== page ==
The educational System of Nigeria
Education in Nigeria is the shared responsibility of the federal, state and local governments. The Federal Ministry of Education plays a dominant role in regulating the education sector, engaging in policy formation and ensuring quality control. However, the federal government is more directly involved with tertiary education than it is with school education, which is largely the responsibility of state (secondary) and local (primary) governments. The education sector is divided into three sub-sectors: basic (nine years), post-basic/senior secondary (three years), and tertiary (four to seven years, depending on the major or course of study). Education in Nigeria is provided by public and private institutions.
According to Nigeria’s National Policy on Education (2004), basic education covers education given to children 3-15 years of age, which includes pre-primary programs (ages three to five), and nine years of formal (compulsory) schooling consisting of six years of primary and three years of junior secondary.
Post-basic education includes three years of senior secondary education in either an academic or technical stream. Continuing education options are provided through vocational and technical schools.
The tertiary sector consists of a university sector and a non-university sector. The latter is composed of polytechnics, monotechnics and colleges of education. The tertiary sector as a whole offers opportunities for undergraduate, graduate, vocational and technical education. There are currently (2011) 117 federal, state and private universities accredited in Nigeria as degree-granting institutions. Information on all accredited universities is available on the National University Commission’s website. The academic year typically runs from September to July. Most universities use a semester system of 18 - 20 weeks. Others run from January to December, divided into 3 terms of 10 -12 weeks.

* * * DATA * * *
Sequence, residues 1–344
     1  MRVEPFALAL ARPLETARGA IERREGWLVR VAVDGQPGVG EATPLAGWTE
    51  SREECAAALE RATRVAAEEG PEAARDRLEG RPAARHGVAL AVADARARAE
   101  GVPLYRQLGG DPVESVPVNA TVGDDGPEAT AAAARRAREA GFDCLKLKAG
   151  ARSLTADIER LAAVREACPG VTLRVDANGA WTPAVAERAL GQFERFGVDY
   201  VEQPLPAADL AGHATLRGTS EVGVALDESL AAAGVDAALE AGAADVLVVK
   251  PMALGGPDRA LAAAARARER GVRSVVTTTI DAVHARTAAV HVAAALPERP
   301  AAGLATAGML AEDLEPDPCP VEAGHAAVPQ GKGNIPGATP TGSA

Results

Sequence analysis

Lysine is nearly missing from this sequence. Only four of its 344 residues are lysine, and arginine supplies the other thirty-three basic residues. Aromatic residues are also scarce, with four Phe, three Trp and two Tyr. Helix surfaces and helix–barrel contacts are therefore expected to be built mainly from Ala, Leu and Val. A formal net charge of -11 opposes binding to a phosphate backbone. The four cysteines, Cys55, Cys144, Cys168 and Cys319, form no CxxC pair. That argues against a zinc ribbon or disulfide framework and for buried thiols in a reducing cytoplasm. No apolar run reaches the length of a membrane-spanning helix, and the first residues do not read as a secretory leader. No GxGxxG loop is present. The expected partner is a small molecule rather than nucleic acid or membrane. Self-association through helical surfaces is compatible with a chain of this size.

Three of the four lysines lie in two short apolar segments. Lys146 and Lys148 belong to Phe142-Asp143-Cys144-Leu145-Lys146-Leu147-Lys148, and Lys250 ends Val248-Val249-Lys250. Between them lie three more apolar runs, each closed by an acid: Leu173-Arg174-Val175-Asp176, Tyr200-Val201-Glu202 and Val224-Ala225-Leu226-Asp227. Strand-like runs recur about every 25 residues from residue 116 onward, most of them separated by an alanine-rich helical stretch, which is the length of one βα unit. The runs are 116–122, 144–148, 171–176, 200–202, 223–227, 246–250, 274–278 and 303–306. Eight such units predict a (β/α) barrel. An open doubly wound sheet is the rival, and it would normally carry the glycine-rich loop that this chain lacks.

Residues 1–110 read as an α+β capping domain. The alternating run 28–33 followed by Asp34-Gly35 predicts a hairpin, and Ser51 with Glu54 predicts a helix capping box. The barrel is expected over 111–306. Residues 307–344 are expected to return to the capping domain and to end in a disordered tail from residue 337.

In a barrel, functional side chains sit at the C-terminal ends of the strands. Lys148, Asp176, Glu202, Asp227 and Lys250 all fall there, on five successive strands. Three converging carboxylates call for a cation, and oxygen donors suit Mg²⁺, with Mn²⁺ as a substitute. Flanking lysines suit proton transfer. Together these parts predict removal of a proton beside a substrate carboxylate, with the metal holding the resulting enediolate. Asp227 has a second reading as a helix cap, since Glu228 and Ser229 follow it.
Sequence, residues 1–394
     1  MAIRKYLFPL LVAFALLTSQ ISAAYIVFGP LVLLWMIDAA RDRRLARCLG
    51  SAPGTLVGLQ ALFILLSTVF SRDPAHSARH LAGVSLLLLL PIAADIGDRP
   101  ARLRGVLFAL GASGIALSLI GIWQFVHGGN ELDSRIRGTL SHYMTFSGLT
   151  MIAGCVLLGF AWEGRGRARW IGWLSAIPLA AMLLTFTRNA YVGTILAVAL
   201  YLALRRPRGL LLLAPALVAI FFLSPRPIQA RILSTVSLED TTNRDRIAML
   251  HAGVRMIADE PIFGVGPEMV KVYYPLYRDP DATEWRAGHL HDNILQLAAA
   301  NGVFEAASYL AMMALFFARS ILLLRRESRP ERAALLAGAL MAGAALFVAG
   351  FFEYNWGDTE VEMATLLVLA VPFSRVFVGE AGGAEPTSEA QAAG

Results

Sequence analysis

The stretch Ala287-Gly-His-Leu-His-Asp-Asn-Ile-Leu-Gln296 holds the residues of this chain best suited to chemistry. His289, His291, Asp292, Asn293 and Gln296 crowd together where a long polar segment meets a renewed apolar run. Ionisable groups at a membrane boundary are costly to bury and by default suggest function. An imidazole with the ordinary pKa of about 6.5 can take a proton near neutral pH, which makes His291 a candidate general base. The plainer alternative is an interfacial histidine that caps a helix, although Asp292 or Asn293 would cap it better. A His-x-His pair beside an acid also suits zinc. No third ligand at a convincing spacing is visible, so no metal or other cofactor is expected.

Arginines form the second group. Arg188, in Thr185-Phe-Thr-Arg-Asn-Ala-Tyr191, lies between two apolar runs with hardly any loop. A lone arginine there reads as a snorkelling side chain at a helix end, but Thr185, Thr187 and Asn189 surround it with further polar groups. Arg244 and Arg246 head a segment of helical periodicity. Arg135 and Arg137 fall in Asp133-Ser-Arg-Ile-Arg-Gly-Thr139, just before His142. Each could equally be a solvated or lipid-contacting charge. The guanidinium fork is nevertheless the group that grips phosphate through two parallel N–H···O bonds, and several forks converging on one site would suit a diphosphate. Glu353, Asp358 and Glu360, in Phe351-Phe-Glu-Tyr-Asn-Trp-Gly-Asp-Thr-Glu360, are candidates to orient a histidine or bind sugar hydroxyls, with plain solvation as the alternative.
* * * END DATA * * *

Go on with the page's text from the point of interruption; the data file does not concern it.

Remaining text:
Annually, an average of 1.5 million students take the Unified Tertiary and Matriculation Examination (UTME) for entrance into Nigerian universities, polytechnics and colleges of education. Universities have the capacity to absorb less than 40 percent of these test takers. The other 60 percent tend to go to their second and third choice categories of institutions—polytechnics and colleges of education. Many Nigerian students also apply to institutions abroad. In 2011, 40 percent of the students who sat for the UTME made the minimum cut-off grade of 200 (out of 400) for entry into Nigerian universities.
There are currently various government reforms and initiatives aimed at improving the Nigerian educational system. These include the upgrade of some polytechnics and colleges of education to the status of degree-awarding institutions, the approval and accreditation of more private universities, and the dissemintaion of better education-related data, including the recently published Nigerian Educational Statistics (a publication assisted by USAID among others).
However, with the recent announcement by Nigeria’s National Population Commission that Nigeria’s population is expected to hit 166 million by October 31, 2011 and that approximately 60 percent of this population will be between the ages of 13 and 45, the recent government initiatives fall far short of addressing the educational needs of the country. As a result, an increasing number of families and students are looking at alternative educational opportunities within the region and further abroad.
PRIMARY AND SECONDARY SCHOOL
Primary education (grades 1-6) is free and compulsory, and offered to children aged 6-12. The curriculum is geared toward providing permanent literacy, laying a sound basis for scientific, critical and reflective thinking, and also in equipping children with the core life skills to function effectively in society.
In 2009, the gross enrollment ratio at the primary level was 89...
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